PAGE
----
Bangor Hydro categorizes its large commercial customers as those that demand more than 500 kilowatts at any given time. A medium commercial customer is one that uses more than 25 kilowatts at any given time, according to Bangor Hydro.
If passed, the rate structure changes would be phased in over the next six years and would not bring additional revenue to Bangor Hydro, the company said. The rate restructuring would simply redistribute the costs more fairly among its existing medium and large commercial customers, according to Bangor Hydro.
Bangor Hydro said more than 40 percent of its 1,500 large and medium commercial customers would see a decrease in their electricity bill. Another 42 percent would see an increase greater than 3 percent a year and greater than $25 a month, Jones said.
At the end of the six-year phase-in, the impact of the rate change on its medium-size business customers would range from a decrease of $42,099 in annual energy costs to an increase of $45,486, according to Bangor Hydro. Large business customers would see anywhere from a decrease of $165,375 in annual electric costs to an increase of $294,789.
Affected customers predictably are lining up on either side of the issue. If approved, the rate change also could undermine a state policy aimed at encouraging alternative energy facilities.
Chris O’Brien, communications specialist at Eastern Maine Health Care Systems, the parent company of EMMC, said the hospital has not yet calculated the increased electric bill it might see if the proposal is approved. But O’Brien said if Bangor Hydro’s rate structure changes, EMMC would face a “significant reduction” in the energy savings it hoped to create when it built its $8.4 million combined heat and power plant to run its State Street hospital. The 4.6-megawatt facility power plant, which went on line in September, was supposed to save $1 million annually by reducing the hospital’s dependence on Bangor Hydro. Jeff Mylen, director of special projects for EMMC, said the hospital paid $2.8 million in Bangor Hydro electric bills in the past year.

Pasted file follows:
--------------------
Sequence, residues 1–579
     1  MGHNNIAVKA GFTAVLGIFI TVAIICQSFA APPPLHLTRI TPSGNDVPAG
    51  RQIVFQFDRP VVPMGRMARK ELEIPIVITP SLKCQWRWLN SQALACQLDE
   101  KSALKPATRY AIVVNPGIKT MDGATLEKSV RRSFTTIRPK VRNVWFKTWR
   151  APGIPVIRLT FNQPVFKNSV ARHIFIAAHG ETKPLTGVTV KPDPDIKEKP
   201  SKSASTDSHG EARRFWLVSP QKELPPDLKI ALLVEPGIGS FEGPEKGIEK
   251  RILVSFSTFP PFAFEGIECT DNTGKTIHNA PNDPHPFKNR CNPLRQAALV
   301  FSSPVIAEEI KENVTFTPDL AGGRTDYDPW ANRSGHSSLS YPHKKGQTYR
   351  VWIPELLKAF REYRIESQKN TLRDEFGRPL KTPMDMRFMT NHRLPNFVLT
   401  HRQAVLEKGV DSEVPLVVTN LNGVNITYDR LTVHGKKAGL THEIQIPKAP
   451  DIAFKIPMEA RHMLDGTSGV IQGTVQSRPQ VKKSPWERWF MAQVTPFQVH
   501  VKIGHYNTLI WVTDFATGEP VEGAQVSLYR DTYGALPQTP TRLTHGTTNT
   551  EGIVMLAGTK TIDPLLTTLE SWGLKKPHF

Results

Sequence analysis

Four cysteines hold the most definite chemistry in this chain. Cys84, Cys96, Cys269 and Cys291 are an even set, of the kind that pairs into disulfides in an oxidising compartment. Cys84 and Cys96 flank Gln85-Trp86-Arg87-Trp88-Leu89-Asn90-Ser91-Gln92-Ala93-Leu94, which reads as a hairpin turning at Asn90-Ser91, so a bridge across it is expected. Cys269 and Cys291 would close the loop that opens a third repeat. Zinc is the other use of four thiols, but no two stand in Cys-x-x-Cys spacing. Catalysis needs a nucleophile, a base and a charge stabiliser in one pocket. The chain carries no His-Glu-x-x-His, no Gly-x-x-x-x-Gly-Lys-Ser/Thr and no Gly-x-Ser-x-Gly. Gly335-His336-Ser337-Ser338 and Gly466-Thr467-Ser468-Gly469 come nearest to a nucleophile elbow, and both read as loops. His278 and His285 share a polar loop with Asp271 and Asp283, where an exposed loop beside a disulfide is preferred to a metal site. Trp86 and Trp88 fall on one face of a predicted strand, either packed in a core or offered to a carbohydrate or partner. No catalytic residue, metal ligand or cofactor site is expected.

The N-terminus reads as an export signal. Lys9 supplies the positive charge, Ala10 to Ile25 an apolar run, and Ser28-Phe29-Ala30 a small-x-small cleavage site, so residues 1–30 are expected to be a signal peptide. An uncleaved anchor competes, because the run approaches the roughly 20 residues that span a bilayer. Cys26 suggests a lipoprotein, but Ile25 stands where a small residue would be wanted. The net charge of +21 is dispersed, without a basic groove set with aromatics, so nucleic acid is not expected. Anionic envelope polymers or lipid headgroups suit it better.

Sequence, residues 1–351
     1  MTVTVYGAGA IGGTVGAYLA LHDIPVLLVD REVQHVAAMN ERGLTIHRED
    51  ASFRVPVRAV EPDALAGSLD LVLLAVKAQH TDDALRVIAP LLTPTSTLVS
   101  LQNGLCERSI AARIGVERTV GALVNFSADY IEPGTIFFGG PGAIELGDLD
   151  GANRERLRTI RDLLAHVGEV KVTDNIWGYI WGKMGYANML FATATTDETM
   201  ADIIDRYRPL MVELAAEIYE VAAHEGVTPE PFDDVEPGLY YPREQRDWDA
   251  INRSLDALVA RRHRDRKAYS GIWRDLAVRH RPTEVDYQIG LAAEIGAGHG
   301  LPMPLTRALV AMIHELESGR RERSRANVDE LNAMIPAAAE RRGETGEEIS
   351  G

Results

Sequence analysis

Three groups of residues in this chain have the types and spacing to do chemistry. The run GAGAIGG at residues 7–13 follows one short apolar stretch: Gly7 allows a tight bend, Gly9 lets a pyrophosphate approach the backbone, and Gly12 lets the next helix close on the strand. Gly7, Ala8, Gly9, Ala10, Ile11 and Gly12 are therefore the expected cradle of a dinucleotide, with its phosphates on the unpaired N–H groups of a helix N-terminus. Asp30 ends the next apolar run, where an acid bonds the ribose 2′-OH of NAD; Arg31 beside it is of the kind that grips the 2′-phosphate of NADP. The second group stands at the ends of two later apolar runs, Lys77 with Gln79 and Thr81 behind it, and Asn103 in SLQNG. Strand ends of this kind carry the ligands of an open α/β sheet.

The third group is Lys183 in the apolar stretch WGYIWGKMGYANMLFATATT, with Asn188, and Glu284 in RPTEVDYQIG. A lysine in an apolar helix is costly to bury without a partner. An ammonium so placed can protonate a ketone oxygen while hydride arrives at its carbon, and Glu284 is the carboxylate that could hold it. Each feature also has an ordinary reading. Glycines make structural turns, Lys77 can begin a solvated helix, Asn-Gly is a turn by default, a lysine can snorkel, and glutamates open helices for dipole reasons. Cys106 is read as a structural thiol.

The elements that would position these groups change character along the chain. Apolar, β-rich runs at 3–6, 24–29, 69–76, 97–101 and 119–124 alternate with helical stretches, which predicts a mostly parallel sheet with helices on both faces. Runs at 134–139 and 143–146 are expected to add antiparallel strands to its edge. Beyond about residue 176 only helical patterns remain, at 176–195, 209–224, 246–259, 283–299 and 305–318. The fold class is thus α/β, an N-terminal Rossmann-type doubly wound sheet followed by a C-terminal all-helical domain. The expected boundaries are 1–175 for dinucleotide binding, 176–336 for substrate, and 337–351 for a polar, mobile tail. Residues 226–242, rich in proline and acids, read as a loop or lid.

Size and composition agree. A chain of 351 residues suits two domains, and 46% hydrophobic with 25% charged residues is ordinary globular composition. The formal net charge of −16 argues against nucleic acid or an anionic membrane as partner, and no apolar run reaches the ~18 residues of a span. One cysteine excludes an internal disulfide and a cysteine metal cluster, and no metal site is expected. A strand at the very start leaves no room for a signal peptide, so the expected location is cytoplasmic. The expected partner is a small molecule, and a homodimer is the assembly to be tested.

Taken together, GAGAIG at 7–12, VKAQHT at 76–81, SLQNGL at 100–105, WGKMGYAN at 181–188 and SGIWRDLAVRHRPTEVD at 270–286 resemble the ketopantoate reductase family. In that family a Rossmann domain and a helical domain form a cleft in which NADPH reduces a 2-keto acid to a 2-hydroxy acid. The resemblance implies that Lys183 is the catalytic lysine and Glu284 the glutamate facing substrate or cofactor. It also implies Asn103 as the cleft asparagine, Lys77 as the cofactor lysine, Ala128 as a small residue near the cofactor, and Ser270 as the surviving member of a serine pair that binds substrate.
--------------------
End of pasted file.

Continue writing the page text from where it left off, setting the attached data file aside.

Combined heat and power, or CHP, plants also are known as cogeneration systems. They make use of heat that would be wasted in conventional electric generating plants.
EMMC and other customer opponents of the rate change say the proposal is a reaction to, or punishment for, EMMC’s decision to build the plant and rely less on Bangor Hydro.
Jones said Bangor Hydro has considered restructuring its rates since electric deregulation took effect in 2000, but the need to restructure became more urgent when EMMC built its plant.
He acknowledged that the proposed rate structure would make it harder for companies to justify self-generation, but he said that was not the intent.
“We have no problem with cogeneration,” Jones said. “We just need people to pay for what they are demanding of us.”
But Glenn Poole, energy manager for Verso Paper in Bucksport, believes, “What they’re proposing is for the sole purpose of preventing customers from installing their own generation.”
Though Verso is a customer of Central Maine Power Co., Poole said the mill is contesting the change for fear CMP and other utilities will follow suit.